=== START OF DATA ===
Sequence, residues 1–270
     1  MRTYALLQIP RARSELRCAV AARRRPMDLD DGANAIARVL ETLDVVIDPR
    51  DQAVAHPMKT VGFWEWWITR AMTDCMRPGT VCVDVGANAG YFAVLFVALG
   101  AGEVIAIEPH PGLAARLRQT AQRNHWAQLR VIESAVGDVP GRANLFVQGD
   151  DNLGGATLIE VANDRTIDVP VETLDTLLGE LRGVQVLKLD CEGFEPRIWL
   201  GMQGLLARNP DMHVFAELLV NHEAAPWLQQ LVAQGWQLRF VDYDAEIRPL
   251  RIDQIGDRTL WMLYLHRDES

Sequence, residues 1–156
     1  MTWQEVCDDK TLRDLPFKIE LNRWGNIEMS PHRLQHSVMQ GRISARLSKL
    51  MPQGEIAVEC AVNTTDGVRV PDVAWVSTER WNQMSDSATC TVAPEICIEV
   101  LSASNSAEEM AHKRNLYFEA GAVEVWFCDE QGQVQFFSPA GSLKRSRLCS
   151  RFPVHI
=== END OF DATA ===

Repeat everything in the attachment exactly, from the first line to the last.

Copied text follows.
Sequence, residues 1–270
     1  MRTYALLQIP RARSELRCAV AARRRPMDLD DGANAIARVL ETLDVVIDPR
    51  DQAVAHPMKT VGFWEWWITR AMTDCMRPGT VCVDVGANAG YFAVLFVALG
   101  AGEVIAIEPH PGLAARLRQT AQRNHWAQLR VIESAVGDVP GRANLFVQGD
   151  DNLGGATLIE VANDRTIDVP VETLDTLLGE LRGVQVLKLD CEGFEPRIWL
   201  GMQGLLARNP DMHVFAELLV NHEAAPWLQQ LVAQGWQLRF VDYDAEIRPL
   251  RIDQIGDRTL WMLYLHRDES

Sequence, residues 1–156
     1  MTWQEVCDDK TLRDLPFKIE LNRWGNIEMS PHRLQHSVMQ GRISARLSKL
    51  MPQGEIAVEC AVNTTDGVRV PDVAWVSTER WNQMSDSATC TVAPEICIEV
   101  LSASNSAEEM AHKRNLYFEA GAVEVWFCDE QGQVQFFSPA GSLKRSRLCS
   151  RFPVHI